Dar’s narrative prowess, facility with language and sly sense of humor have always been matched by dexterous and indelible melodies. That tradition continues on this album. Take “Today And Every Day,” sprightly guitars connect with rippling mandolin, angular bass, whistling keys and a cantilevered beat. This buoyant Eco-Warrior anthem finds Dar addressing the flora and fauna directly; “Hey there, Polar Bear, it’s quite a mess we’ve found, life is one heavy trip, our paws are sinking in the ground, I see you lumbering at the break of dawn/How can we survive and save the day before the day is gone? I know I’m going to find the way, I know I’m going to light the way, ‘cause if I’m ever going to make it then I’ve got to say ‘I can save the world today and every day.’”
The piano-driven “Berkeley” offers a gimlet-eyed take on the era where wokeness was invented. “I was the crazed model, for somebody’s novel, bought from the bookstore where ‘Howl’ was sold.” The narrative deftly moves through the decades; “I met you there later, a Passover Seder, Holy polemics, we thought we were long gone, and Berkeley still pagan, still mad at Reagan, brought us to bed in the luminous dawn,” to the current dot.com demi-monde; “Now it’s commuters with silver computers fed into trains bound for Moloch’s machine.”
“Little Town” paints a vivid portrait of a community experiencing growing pains. Blissed-out bucolic acoustic guitars partner with lowing cello, spatial bass, lush keys and a thunking beat. Coded conversation feels like verbal redlining; “It’s nothing that you did, you’ve got to understand, you’re taking it too fast, it’s not the color of your skin, but one thing you should know, you’ve gotta take it slow/What they call the shifting of the sands, I see as your demands, when you change you can’t ignore what things are and were before/My family has been here for generations, and now I have two children of my own, and I knew that I would live here, always knew that I’d stay here, it’s not a new world that you’ve found, it’s just a little town.” Switching gears, “I Never Knew” is quiescent and intime. The courtly melody is anchored by a bare bones arrangement of stately piano, fluttery guitar riffs and shivery cello. Soul-searching lyrics parse the vagaries of love; “I thought love was hoping that you had enough to give someone else, no one ever told me I should lift my head and ask for love myself, but it wasn’t a surprise to find I told myself a pack of lies, whenever I’d rush to answer every beck and call, I knew in my heart that wasn’t really love at all.”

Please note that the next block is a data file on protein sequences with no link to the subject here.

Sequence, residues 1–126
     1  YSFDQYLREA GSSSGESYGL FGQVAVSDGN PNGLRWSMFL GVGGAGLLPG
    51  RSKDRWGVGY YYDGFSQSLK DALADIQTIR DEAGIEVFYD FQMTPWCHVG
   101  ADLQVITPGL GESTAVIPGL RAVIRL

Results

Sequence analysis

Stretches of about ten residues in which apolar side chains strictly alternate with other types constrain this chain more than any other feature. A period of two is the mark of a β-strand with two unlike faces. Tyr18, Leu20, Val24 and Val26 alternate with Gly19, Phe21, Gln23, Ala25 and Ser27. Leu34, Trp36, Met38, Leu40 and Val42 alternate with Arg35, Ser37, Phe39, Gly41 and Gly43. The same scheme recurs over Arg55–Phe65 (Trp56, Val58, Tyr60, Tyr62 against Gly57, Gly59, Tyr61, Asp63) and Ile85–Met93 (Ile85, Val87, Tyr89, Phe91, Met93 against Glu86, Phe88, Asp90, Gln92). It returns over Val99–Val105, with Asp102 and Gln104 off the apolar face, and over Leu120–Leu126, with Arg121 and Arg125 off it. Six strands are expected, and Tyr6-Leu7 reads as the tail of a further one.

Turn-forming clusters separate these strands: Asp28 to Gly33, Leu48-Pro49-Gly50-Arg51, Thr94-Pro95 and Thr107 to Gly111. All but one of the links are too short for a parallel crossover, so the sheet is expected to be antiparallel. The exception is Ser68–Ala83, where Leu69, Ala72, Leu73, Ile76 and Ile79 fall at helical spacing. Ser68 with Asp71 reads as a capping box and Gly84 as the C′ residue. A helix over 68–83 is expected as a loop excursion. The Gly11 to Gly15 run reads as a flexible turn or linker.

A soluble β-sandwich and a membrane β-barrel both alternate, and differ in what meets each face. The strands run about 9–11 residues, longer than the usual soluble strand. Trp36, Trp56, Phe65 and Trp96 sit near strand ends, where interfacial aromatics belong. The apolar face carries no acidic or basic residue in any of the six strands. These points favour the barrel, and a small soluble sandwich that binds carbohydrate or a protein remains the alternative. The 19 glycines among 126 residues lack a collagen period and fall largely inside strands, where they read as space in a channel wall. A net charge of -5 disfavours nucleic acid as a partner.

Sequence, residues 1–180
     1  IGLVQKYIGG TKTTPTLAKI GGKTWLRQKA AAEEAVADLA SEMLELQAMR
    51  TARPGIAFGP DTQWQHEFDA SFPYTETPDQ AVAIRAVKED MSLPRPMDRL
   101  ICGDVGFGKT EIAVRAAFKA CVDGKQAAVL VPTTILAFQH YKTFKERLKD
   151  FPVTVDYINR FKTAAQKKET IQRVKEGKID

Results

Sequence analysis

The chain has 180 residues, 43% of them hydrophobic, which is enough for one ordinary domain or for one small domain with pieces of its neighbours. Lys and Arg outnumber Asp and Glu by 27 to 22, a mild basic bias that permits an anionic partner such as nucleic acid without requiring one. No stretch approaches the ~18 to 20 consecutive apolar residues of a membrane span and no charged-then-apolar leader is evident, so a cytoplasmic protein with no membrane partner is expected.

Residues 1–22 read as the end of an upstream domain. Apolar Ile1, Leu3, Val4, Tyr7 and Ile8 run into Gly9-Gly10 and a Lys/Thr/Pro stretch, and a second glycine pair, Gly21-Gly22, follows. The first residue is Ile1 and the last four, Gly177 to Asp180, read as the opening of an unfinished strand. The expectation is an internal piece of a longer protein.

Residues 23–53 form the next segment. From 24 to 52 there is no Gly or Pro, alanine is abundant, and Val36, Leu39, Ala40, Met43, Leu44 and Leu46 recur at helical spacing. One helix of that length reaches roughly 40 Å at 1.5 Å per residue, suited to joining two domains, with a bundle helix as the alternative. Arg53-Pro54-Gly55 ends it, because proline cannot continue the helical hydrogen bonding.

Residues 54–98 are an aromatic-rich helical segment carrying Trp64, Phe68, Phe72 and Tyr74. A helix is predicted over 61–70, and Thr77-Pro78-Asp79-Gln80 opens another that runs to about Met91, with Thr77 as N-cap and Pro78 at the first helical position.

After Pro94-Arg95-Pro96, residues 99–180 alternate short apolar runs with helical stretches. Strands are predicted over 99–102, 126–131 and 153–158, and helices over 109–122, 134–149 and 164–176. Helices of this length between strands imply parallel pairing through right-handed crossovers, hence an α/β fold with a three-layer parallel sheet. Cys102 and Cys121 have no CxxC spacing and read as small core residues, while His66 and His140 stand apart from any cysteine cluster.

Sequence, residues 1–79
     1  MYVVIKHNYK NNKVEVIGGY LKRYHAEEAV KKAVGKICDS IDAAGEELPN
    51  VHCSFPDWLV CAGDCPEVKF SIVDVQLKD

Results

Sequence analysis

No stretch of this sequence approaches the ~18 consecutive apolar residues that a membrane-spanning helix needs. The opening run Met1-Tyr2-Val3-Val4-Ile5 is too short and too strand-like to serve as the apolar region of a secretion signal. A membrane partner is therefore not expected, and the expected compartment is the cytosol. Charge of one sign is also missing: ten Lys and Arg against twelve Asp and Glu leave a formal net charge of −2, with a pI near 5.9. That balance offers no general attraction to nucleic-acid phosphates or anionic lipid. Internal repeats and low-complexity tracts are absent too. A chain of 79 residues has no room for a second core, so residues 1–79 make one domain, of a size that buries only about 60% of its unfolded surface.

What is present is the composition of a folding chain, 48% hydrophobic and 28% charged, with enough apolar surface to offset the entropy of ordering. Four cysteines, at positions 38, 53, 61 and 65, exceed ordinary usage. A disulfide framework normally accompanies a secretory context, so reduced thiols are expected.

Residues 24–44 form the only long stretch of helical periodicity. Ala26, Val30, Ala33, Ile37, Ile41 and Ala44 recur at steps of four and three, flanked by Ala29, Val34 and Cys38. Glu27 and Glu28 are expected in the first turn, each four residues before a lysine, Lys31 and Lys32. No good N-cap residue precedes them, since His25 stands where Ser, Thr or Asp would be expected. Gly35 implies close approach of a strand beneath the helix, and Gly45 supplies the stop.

Other interesting tracks include the willowy “Let The Wind Blow” and Dar’s expansive cover of Slambovian Circus Of Dreams’ “Sullivan Lane.” The album closes with “You’re Aging Well.” The tender piano ballad is one of her oldest songs, a wry meditation on aging gracefully; “Why is it that as we grow older and stronger, the road signs point us adrift and make us afraid? Saying ‘You never can win,’ ‘Watch your back,’ ‘Where’s your husband?’ oh, I don’t like the signs that the sign makers made.” Ironically, Joan Baez began covering this song at age 56, back in 1997. In a recent interview, Dar noted that she’s nearly that age herself, so it feels wholly apropos that she finally feels she has the grace and gravitas to tackle it herself.
Along with superstars like bassist/vocalist Gail Ann Dorsey (David Bowie, B-52’s), violinist David Mansfield (T-Bone Burnett, Johnny Cash) and guitarists Larry Campbell (Bob Dylan, Levon Helm) and Steuart Smith (Shawn Colvin, Eagles), Dar was joined on this album by bassist Paul Socolow, drummers Doug Yowell and Denny McDermott and guitarists Ben Butler and Erik Della Penna. As well as Bryn Roberts on keys, Dave Eggar on cello, Entcho Todorov on viola and Steve Elson on tenor and baritone saxophone. She also received vocal assists from The Sweet Remains- Rich Price, Greg Naughton and Brian Chartrand. Longtime producer Stewart Lerman added some acoustic guitar.
I’ll Meet You Here is another adroit collection of songs from a master storyteller. Dar’s knack for weaving fresh, yet familiar narratives into intricate melodic tapestries has only sharpened as the decades have progressed. “When I Was A Boy” still moves me. This music does too.